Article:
On a recent trip to Nepal with a work team from Bethel Church in Indiana, we studied the book of Philippians during team devotions. We all keyed in on the verses from Chapter 2 where Paul admonishes us to imitate Christ’s humility. He says beginning in verse 3 “… in humility value others above yourselves, not looking to your own interests but each of you to the interests of the others.” Later he says that Christ “… made himself nothing by taking the very nature of a servant.” Despite the lively discussion on the passage, we had no idea of the living lesson that was in store for us.
As HCJB Global Asia Pacific Regional Director Ty Stakes strummed worship songs on a small travel guitar, we all joined in to sing praises to our God. I couldn’t help but watch Mahima who, even though she knew hardly any English, would join in 100%. Her face would light up, her hands raised in joy, and I knew her heart was pouring out praises to her Savior.
Several of the local Christians, only about eight or 10 of them total in this mostly-Hindu village, would sit with us as we read the word together each morning. We’d bounce worship songs back and forth, one in Nepali and the next in English. But Mahima most of all seemed to revel in the fellowship. Her whole posture was joyous and her smiles lit up her face and radiated into the space around her. Seeing her smile was like a strong cup of coffee on a jetlagged morning—both of which the team sorely needed.
Later in the week more of her story emerged. She had paid dearly for professing her faith in Jesus. When she became a Christian her husband and oldest son both shunned her completely. She was forced to leave home and find ways to care for her young son on her own. Fellow Christians helped her out when they could. So when our work team showed up, effectively doubling the number of Christians in the small village, Mahima was hired to help take care of us. She washed dishes, fetched wood and served our team in countless unseen ways. “Taking the very nature of a servant” with a joy that could come only as fruit from the Spirit of Christ in her. Mahima is living for something much greater than the suffering this world has brought her.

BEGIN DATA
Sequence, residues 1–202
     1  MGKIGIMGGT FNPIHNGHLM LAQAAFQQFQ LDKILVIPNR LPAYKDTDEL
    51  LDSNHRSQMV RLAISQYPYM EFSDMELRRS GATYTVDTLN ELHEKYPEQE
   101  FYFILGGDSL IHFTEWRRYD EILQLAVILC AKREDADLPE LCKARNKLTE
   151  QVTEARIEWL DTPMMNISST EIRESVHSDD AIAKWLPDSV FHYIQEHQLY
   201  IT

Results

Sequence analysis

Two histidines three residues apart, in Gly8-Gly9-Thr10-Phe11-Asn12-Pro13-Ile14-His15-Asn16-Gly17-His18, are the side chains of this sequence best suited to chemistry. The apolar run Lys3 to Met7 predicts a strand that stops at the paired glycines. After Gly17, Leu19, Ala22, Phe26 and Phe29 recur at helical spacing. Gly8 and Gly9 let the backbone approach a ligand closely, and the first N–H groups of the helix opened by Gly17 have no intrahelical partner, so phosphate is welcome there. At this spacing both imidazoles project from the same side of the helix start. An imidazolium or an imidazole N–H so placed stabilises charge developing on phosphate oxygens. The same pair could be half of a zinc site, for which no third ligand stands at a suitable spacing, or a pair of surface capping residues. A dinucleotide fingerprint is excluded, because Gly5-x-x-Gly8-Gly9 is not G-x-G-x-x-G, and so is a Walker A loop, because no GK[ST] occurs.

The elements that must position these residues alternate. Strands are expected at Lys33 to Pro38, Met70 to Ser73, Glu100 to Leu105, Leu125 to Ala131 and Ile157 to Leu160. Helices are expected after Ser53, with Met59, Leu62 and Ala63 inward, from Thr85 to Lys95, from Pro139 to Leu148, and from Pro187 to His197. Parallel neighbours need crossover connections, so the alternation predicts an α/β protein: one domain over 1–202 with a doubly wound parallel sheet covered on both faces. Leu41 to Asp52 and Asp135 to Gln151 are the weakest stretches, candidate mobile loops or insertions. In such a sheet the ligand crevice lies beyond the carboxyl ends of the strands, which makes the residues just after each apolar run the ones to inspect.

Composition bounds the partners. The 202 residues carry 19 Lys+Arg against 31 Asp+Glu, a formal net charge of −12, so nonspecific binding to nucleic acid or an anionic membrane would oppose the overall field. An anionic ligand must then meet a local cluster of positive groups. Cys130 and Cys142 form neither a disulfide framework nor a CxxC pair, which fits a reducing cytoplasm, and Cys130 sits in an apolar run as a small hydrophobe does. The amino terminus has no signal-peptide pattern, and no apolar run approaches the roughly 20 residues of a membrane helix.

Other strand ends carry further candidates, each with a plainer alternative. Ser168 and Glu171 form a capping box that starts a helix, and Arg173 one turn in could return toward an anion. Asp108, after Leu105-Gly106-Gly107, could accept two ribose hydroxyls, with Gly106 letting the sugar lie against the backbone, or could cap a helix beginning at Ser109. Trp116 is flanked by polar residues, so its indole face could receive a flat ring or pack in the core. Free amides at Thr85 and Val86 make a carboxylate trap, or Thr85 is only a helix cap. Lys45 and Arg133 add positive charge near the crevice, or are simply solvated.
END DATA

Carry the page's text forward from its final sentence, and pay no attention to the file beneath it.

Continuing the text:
It is one thing to read stories about Christian brothers and sisters that are persecuted for their faith. It is much more powerful to see it face to face. It is yet again exponentially more humbling to have that saint wash your dishes and scrub the outhouse. I should have been washing her feet. I should have been listening to the lessons she could teach me. I should have been trumpeting her amazing faith both near and far.
But I got the sense she really wouldn’t have liked all the fuss. In all honesty, Mahima was joyful and smiling because she knows Jesus is much more valuable than anything she lost. It’s not that she doesn’t feel the struggles and pain that have come her way because of her faith, but rather that she feels the rewards that much more poignantly. When our Christian walk isn’t even a minor inconvenience to us it is less noticeable, unfocused. Faith that is challenged is stronger. And Mahima had it in bucket loads.
Don’t we typically want big faith without paying for it? I don’t want the struggles or the persecution that wring that kind of faith out of my heart with a painful twist. But the bible shows again and again that God uses struggles and persecution to nurture strong faith. I’m a weakling in comparison to Mahima.
I can still remember her tears as the work team boarded the bus to leave the village. She wept openly and clasped the men’s hands one by one to say goodbye, hugging the women team members fiercely. Her last act of service to me is the lasting memory of her fearless faith and hunger for Christian fellowship despite the persecution. Philippians 1: 29: For it has been granted to you on behalf of Christ not only to believe in him, but also to suffer for him. (NIV)